7. I include only women with at least a college degree in the main sample because of concerns that immigrant inflows directly impact the wages and types of jobs available to low-skilled native-born women. Given that college-educated women are not easily substituted with low-skilled immigrant labor, I am more comfortable arguing that the main effect of immigration on these women operates through childcare markets. Nevertheless, in Table 10 in Appendix 1, I also compare impacts for women with less than a college degree. Notice that immigrant inflows have smaller impacts on women without a college degree and no impact on the fertility decisions of women with less than a high school diploma.

  8. In fact, these estimates imply that black women decrease fertility in response to immigrant inflows. Additional analyses, however, suggest that this result is not robust. In models with year fixed effects instead of region-year fixed effects, the estimated immigration coefficient for blacks is significantly smaller in magnitude and not statistically significant. Results from models with interactions between the race variables and immigrant inflows suggest that just like white women, black women increase fertility in response to immigration—just not as much.

  9. Proportions were constructed using data on immigrants in the labor force. A list of countries in each of the categories is provided in Appendix 2.

  10. Cortés and Tessada (2011) estimated negative but statistically insignificant effects of immigrant-induced increases in the low-skilled labor force on labor force participation.

  11. In a similar analysis, I compared married with unmarried women. Not surprisingly, married women were significantly more likely to respond to immigrant inflows by increasing fertility relative to labor supply. However, the relationship was not robust to weighting the estimates by the means of the dependent variables.


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I am especially grateful to Heinrich Hock for the substantial contributions he made to early incarnations of this article. The many lengthy discussions as well as the draft code he generously provided were instrumental for completing the analysis. I also thank Patricia Cortés, referees of this journal, and workshop participants at the University of Connecticut, Dartmouth College, NBER Summer Institute, and the IZA 11th Annual Migration Meeting for the many helpful comments. The bulk of this project was completed while I visited Boston University. I thank members of the BU Economics Department for their hospitality as well as the many insights they provided while I was writing this article.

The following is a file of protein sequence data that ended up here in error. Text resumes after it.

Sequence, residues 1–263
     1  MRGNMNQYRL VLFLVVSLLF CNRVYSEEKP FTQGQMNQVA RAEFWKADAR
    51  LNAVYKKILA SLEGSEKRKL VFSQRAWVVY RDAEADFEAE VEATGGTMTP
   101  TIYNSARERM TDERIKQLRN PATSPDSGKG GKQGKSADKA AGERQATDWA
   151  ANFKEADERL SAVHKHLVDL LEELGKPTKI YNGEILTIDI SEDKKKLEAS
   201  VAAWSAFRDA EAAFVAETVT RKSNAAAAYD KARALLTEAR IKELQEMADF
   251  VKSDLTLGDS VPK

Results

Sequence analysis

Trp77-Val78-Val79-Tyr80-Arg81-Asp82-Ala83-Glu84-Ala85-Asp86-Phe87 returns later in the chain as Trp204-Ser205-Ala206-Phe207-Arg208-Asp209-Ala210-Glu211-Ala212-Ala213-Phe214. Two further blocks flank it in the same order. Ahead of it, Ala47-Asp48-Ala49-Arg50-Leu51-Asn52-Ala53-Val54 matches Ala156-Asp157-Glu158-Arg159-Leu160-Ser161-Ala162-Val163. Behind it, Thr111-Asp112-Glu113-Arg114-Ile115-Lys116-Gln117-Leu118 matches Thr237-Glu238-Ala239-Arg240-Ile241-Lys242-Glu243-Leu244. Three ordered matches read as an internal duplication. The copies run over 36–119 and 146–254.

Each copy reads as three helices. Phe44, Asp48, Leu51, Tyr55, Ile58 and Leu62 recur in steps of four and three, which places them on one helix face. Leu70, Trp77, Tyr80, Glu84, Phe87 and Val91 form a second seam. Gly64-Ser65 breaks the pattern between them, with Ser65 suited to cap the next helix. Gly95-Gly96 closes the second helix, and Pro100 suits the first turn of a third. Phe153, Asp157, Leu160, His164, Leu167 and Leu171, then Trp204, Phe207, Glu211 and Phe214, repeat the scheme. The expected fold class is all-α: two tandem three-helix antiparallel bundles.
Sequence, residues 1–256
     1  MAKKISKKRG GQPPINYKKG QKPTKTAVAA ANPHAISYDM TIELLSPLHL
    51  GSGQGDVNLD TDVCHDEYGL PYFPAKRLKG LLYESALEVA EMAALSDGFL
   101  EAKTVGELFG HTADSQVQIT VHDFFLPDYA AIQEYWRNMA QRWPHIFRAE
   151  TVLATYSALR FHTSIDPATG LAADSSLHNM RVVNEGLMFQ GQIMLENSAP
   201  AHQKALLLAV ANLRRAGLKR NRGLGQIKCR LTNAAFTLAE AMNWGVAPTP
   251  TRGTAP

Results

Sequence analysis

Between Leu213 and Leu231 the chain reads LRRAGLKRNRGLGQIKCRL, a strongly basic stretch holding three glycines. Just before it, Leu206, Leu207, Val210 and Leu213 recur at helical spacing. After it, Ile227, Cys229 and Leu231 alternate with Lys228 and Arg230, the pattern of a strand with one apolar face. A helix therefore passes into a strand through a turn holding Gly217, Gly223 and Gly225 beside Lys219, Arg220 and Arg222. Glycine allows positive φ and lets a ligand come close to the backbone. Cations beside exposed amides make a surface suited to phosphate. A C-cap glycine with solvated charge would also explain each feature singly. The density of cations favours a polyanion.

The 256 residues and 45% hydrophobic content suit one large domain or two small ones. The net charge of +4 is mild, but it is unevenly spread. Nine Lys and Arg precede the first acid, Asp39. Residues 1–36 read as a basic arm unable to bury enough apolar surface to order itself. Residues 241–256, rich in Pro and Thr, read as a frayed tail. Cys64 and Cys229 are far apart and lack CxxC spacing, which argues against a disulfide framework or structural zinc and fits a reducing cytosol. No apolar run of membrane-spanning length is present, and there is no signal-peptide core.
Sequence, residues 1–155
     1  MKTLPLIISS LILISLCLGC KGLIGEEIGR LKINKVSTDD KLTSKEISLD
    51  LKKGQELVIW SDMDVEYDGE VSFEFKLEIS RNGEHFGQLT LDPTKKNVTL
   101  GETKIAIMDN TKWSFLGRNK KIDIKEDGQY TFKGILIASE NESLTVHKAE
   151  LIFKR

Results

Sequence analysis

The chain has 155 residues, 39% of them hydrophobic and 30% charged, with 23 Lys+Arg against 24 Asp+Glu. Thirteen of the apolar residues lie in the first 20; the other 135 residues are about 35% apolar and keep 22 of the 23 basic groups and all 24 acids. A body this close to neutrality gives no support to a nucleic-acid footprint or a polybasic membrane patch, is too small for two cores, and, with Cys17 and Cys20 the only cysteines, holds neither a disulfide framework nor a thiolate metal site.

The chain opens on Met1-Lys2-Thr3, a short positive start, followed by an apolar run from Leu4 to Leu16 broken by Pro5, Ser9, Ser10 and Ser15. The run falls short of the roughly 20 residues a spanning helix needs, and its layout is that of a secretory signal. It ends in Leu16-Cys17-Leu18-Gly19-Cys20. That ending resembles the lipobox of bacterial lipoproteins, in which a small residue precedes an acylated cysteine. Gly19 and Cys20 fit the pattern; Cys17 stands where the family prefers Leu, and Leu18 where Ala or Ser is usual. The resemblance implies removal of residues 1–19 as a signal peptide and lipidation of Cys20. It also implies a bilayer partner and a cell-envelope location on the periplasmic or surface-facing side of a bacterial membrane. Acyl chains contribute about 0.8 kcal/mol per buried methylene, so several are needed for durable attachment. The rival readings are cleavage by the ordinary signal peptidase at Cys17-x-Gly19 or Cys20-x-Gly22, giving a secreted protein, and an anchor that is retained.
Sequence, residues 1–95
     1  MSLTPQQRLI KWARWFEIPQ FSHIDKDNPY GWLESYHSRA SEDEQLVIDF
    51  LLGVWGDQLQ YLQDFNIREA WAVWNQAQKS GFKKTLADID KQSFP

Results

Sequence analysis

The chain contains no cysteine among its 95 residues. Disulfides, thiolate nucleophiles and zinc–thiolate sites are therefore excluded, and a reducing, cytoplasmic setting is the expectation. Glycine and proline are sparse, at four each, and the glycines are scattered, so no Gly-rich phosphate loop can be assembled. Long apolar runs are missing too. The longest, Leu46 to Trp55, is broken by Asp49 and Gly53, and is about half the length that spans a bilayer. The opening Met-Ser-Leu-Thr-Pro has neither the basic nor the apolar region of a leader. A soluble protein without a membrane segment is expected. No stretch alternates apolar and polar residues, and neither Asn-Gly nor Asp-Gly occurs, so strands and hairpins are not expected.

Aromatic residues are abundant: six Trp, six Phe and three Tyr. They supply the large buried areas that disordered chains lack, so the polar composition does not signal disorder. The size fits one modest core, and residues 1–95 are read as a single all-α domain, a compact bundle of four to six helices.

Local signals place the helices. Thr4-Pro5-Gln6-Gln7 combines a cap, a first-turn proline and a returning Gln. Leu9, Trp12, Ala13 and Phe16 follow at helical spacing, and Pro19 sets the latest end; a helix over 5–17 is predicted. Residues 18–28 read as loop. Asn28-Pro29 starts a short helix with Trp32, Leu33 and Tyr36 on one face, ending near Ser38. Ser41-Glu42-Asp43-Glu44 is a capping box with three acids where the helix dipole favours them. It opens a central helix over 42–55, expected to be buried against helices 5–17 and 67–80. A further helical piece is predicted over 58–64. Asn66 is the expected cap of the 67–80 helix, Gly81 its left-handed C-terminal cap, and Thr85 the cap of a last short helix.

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Correspondence to Delia Furtado.


Appendix 1

Table 8 First-stage regression
Table 9 Impacts of immigration at various points of wage distribution
Table 10 Heterogeneous responses to immigrant inflows by education: Dependent variable is child

Appendix 2

High-childcare countries include (from lowest concentration of childcare workers to highest):

Indonesia, Brazil, Colombia, Spain, France, Argentina, Algeria, British West Indies, Ireland, Fiji, Wales, Norway, Uruguay, Peru, Chile, El Salvador, Belize/British Honduras, Sierra Leone, Liberia, Sri Lanka (Ceylon), Denmark, Honduras, Sudan, Bolivia, Guatemala, Bermuda, Cameroon, Greenland, and Paraguay.

Low-childcare countries include (from lowest concentration of childcare workers to highest):

Albania, Senegal, Tunisia, Uganda, Qatar, Yemen, PDR (South), Nepal, St. Helena and Ascension, Cyprus, United Arab Emirates, Lithuania, Zimbabwe, Latin America, ns, Saudi Arabia, Bulgaria, Yemen Arab Republic (North), Oman, Falkland Islands, Somalia, Morocco, Hungary, Vietnam, Laos, Ghana, Greece, Lebanon, Nigeria, Egypt/United Arab Rep., Yugoslavia, Turkey, Czechoslovakia, India, Syria, South Africa (Union of), China, Romania, Cuba, USSR/Russia, Western Samoa, Italy, Libya, Tanzania, Korea, Portugal, Philippines, New Zealand, Iraq, Kuwait, Jordan, Ethiopia, Thailand, Cambodia (Kampuchea), Haiti, Iran, Singapore, American Samoa, Pakistan, Israel/Palestine, Canada, Dominican Republic, Japan, Burma (Myanmar), Australia, Malaysia, Afghanistan, Latvia, Panama, Scotland, Mexico, Germany, Netherlands, Belgium, Poland, Tonga, Venezuela, Finland, Cape Verde, Switzerland, Sweden, Jamaica, Kenya, Austria, England, Ecuador, Costa Rica, and Nicaragua.

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Furtado, D. Fertility Responses of High-Skilled Native Women to Immigrant Inflows. Demography 53, 27–53 (2016).

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  • Fertility
  • Childcare
  • Immigration
  • Labor supply